By Ted Hoover
Pittsburgh Current Theater Critic
Theresa Rebeck has been working the playwriting beat since the early 1990s, averaging about a play a year. She’s written movies and books too, but may be best known for the time she stepped away from the theater to write about the theater in the now-legendary television flop Smash, a show about the creation of a Broadway musical.
Rebeck’s certainly no one to let a couple of bad reviews get in her way and so it was back to reanimating her prolific theatrical output. A couple of years ago she was working with her friend Tim Daly and he suggested she write a play he could perform with his sister Tyne. So in 2017 the brother and sister premiered Rebeck’s Downstairs, a play about a brother and sister and their wacky hijinks.
Downstairs continues through February 2. City Theatre, South Side. 412-431-CITY. citytheatrecompany.org
City Theatre presents Downstairs in a production directed by Marc Masterson, with yet another amazing set design from Tony Ferrieri, ingeniously lit by designer Brian Lilienthal.
More about the set; The play takes place in the basement of a house that isn’t necessarily in Pittsburgh, but just about everybody seated around me was talking about how their basement, or that of a friend, looks exactly like the high-windowed, ridiculously over-cluttered, unfinished room onstage. The woman directly behind me said: “Too bad they don’t have a toilet.” And we all learned the joke was on her when the play began and one of the characters pushed aside a shower curtain to reveal the toilet he was just sitting on.
If I seem to be going on about this set it’s because Downstairs is a two-hour intermissionless play and on more than one occasion you do wander a bit to all the stuff stuffing the stage.
And that’s maybe a description of Rebeck’s play as well; she’s certainly shoved a whole bunch of, well, stuff, into the work.
Downstairs is really two plays – the first half is brother and sister Teddy and Irene. The basement is part of the house owned by Irene and her husband Gerry. Teddy, apparently, showed up a few days ago and is sleeping on a couch. Irene is trying to get him to leave since Gerry doesn’t want him there. But Teddy has, let’s say, behavioral health challenges and Irene feels guilty. The two were raised by a nightmare of a mother and, back then, Irene took care of the younger Teddy.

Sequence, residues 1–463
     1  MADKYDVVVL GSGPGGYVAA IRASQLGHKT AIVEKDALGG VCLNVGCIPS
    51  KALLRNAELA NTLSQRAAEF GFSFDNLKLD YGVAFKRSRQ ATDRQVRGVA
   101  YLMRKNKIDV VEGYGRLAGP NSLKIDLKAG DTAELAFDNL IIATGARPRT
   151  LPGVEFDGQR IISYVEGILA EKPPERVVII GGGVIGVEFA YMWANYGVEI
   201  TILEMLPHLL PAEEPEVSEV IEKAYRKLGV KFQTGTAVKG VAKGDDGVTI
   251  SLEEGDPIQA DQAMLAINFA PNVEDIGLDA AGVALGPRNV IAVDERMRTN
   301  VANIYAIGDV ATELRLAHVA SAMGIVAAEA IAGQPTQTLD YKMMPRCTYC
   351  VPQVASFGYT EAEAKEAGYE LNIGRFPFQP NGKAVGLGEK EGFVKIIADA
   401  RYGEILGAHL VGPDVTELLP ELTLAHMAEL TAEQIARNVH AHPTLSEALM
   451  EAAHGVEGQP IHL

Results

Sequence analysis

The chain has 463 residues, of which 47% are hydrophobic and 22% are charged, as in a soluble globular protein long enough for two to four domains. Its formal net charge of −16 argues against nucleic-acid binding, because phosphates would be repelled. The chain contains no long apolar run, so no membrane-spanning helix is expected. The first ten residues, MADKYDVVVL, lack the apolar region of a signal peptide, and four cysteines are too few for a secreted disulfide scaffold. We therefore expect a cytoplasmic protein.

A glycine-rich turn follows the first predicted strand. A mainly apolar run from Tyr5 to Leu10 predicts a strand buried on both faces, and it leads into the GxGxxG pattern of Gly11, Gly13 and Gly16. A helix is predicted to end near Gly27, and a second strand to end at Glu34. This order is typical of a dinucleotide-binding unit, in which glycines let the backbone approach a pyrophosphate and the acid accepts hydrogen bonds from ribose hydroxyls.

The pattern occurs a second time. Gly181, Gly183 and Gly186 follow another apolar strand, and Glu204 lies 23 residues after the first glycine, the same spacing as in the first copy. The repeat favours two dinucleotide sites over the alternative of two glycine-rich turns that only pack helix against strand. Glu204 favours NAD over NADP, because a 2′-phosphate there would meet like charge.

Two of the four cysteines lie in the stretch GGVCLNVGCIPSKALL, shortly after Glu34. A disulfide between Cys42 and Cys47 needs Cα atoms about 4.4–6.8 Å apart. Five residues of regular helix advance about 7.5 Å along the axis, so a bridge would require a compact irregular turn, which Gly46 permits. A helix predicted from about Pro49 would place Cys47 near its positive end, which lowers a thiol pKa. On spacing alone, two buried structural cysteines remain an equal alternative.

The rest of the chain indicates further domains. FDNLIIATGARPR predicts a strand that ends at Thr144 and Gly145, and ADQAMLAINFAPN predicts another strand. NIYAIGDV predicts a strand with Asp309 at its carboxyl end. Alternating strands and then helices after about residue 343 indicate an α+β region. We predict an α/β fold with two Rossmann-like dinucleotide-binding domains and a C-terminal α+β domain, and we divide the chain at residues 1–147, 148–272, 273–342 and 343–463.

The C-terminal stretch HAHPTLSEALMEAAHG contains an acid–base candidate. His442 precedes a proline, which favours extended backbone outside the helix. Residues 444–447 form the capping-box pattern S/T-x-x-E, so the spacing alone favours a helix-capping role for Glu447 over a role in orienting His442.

Or maybe she didn’t.
Or maybe she did, then didn’t, then did.
Rebeck’s writing is absolutely maddening in this first part. Between the two of them Teddy and Irene share a catalogue of hideous secrets about a horrible past they spend an hour coyly hinting at. Neither possess the ability to finish a sentence and Rebeck seems to believe the way to keep an audience involved is to omit plot. It all feels remarkable constructed and painfully artificial.
Helena Ruoti and Martin Giles are Irene and Teddy. Masterson keeps both on task and each has enough talent to play such uninvolving characters without breaking a sweat.
Perhaps too much talent. Maybe it’s because of the show’s genesis, but these roles are very “actor-y.” Like Teddy, Irene has more than a few mental health issues and the temptation for both actors to go hog wild with showy technique must be overwhelming – fortunately Masterson works with them to keep it to a minimum.
And then all of sudden Rebeck gets as fed up with the play as the audience is and tries something else. Gerry comes down into the basement to get rid of Teddy and brings with him enough melodrama to drag Puccini back from the dead; the only thing he’s missing is a tiki torch. John Shepard plays Gerry and believe me, when an actor of his ability plays evil … it stays played!
At this point Downstairs turns into a suspense drama that’s not particularly either. And then the whole thing wraps it up with a scene that … well, let’s just leave it there.
From what I can tell the jury’s still out on whether Downstairs is going to have much of a life moving forward … but here’s the thing about a Rebeck play, there’s always another one just around the corner.